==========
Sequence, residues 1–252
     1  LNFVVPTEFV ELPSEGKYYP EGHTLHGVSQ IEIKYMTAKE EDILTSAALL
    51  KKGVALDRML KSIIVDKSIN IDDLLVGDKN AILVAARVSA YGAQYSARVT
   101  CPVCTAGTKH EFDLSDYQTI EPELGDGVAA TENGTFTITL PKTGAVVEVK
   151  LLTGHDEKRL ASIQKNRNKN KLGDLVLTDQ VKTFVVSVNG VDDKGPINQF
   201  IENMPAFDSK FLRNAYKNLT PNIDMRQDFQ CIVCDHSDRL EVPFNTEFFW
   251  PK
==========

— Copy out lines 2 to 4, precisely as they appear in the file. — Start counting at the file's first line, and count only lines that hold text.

     1  LNFVVPTEFV ELPSEGKYYP EGHTLHGVSQ IEIKYMTAKE EDILTSAALL
    51  KKGVALDRML KSIIVDKSIN IDDLLVGDKN AILVAARVSA YGAQYSARVT
   101  CPVCTAGTKH EFDLSDYQTI EPELGDGVAA TENGTFTITL PKTGAVVEVK